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Cloud computing offers tremendous advantages in terms of scale and compute power—not to mention costs—to those grappling with today’s data-intensive research. The Windows Azure for Research program is designed to help scientists reap these cloud-computing benefits in their research work. As part of the program, our series of worldwide training seminars are now in full swing; we’ve hosted two-day, in-person training events in Cape Town, Paris, Zurich, Seoul, Guangzhou, Beijing, Campinas, and Seattle. If you couldn’t attend one of these events don’t despair: many more are planned across the globe.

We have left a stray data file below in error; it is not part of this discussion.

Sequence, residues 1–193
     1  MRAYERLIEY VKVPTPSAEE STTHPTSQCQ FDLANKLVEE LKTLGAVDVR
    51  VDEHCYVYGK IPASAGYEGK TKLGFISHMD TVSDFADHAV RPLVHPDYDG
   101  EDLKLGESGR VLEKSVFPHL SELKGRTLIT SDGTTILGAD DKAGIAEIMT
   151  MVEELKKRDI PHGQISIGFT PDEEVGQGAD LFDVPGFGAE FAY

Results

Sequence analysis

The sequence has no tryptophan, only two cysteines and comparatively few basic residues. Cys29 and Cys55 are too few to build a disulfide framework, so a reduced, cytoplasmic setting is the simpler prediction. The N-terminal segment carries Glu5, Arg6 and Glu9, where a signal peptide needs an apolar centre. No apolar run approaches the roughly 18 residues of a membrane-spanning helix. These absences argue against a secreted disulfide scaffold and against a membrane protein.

In addition, we’ve released the training material online, along with a set of technical papers designed specifically to help researchers quickly get started with Windows Azure. These papers cover a range of topics, including application migration; best practices in scaling, compute, storage, web applications, and services; processing of big data; and utilization of high performance computing (HPC), Microsoft Excel, Microsoft business intelligence aids, and other open-source and Microsoft tools—all from a technical computing user’s perspective. We will also feature case studies of successful projects, to illustrate the architecture and technologies used to solve cloud-scale problems in various research fields. The information in these papers is applicable to Windows, Linux, and Mac operating systems. If you have attended the Windows Azure for Research training, have received an award through the RFP program, or are just curious about Windows Azure, we believe you will find this content useful. We suggest that you read the technical papers in order, starting with the overview. If you have applications you’d like to migrate to the cloud with minimum effort, we suggest you review Getting Started with Windows Azure Virtual Machines. If you want to contribute virtual machines (VMs) for your community, Using and Contributing Virtual Machines to VM Depot provides detailed instructions. Windows Azure provides the Windows Azure software development kit (SDK), and Python is now a first-class citizen in Visual Studio 2013. This powerful combination gives Python developers much needed features, including remote debugging even on Linux virtual machines. An Introduction to Using Python with Windows Azure explains how to place Python applications in the cloud. Windows Azure for Linux and Mac Users provides information to help non-Windows users get started with Windows Azure quickly. We’ve also included a guide for high performance computing on Windows Azure. The new Power Query and Power Map tools in Excel 2013 can now be used to analyze data from Windows Azure Storage; Visualization with Excel Tools and Windows Azure offers a detailed walk-through of a sample.In addition to these technical papers and the in-person training events, we also offer a three-part series of webinars on using Windows Azure cloud computing for research. The first two webinars have already aired, but you can watch them on demand: Accelerating Your Research with Windows Azure and Virtual Machines for Research on Windows Azure. The third webinar, Environmental Science on the Cloud with Windows Azure, will be streamed on December 17, 2013; tune in to learn how environmental scientists are using Windows Azure to easily collect, analyze, and share their data.Lastly, the Windows Azure for Research Award program, which provides grants of Windows Azure to qualified labs, is in high gear. The recipients of first round of grants were announced in early November, and we are fast approaching the December 15, 2013 deadline for submitting proposals for the second round of awards. But no need to panic: the program is ongoing, with submission deadlines on the fifteenth of every other month. Just remember, applicants must be affiliated with an academic institution or a nonprofit research laboratory to qualify. Learn more and apply for a research award on the proposal submission site.If you have questions or would like to suggest topics that we should cover, please let us know. —Wenming Ye, Senior Research Program Manager, Microsoft Research ConnectionsLearn more